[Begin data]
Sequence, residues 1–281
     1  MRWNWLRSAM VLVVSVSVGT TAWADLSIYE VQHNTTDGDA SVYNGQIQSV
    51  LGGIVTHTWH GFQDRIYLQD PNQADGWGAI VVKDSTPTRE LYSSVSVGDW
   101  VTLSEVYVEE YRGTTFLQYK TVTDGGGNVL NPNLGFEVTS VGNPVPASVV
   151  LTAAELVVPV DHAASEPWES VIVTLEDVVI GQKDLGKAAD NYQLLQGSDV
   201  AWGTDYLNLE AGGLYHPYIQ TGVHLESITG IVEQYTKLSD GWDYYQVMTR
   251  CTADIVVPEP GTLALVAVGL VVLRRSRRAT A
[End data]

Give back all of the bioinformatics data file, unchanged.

Sequence, residues 1–281
     1  MRWNWLRSAM VLVVSVSVGT TAWADLSIYE VQHNTTDGDA SVYNGQIQSV
    51  LGGIVTHTWH GFQDRIYLQD PNQADGWGAI VVKDSTPTRE LYSSVSVGDW
   101  VTLSEVYVEE YRGTTFLQYK TVTDGGGNVL NPNLGFEVTS VGNPVPASVV
   151  LTAAELVVPV DHAASEPWES VIVTLEDVVI GQKDLGKAAD NYQLLQGSDV
   201  AWGTDYLNLE AGGLYHPYIQ TGVHLESITG IVEQYTKLSD GWDYYQVMTR
   251  CTADIVVPEP GTLALVAVGL VVLRRSRRAT A